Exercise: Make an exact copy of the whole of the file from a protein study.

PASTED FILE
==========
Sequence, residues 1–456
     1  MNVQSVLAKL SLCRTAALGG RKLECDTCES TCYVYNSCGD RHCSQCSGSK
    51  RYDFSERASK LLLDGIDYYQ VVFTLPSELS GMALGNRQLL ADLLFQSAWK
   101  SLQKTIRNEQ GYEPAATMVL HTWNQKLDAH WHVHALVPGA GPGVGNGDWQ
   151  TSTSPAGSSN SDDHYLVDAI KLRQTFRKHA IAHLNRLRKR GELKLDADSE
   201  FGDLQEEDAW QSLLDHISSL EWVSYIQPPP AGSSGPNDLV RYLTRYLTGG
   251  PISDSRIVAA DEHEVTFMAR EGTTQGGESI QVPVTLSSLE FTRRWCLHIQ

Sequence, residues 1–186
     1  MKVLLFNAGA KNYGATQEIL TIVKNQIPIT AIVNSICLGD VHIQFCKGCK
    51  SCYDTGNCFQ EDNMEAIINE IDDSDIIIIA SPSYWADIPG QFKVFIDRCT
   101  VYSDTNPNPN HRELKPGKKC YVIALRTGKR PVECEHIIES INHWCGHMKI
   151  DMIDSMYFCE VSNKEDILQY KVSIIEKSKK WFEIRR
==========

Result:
Sequence, residues 1–456
     1  MNVQSVLAKL SLCRTAALGG RKLECDTCES TCYVYNSCGD RHCSQCSGSK
    51  RYDFSERASK LLLDGIDYYQ VVFTLPSELS GMALGNRQLL ADLLFQSAWK
   101  SLQKTIRNEQ GYEPAATMVL HTWNQKLDAH WHVHALVPGA GPGVGNGDWQ
   151  TSTSPAGSSN SDDHYLVDAI KLRQTFRKHA IAHLNRLRKR GELKLDADSE
   201  FGDLQEEDAW QSLLDHISSL EWVSYIQPPP AGSSGPNDLV RYLTRYLTGG
   251  PISDSRIVAA DEHEVTFMAR EGTTQGGESI QVPVTLSSLE FTRRWCLHIQ

Sequence, residues 1–186
     1  MKVLLFNAGA KNYGATQEIL TIVKNQIPIT AIVNSICLGD VHIQFCKGCK
    51  SCYDTGNCFQ EDNMEAIINE IDDSDIIIIA SPSYWADIPG QFKVFIDRCT
   101  VYSDTNPNPN HRELKPGKKC YVIALRTGKR PVECEHIIES INHWCGHMKI
   151  DMIDSMYFCE VSNKEDILQY KVSIIEKSKK WFEIRR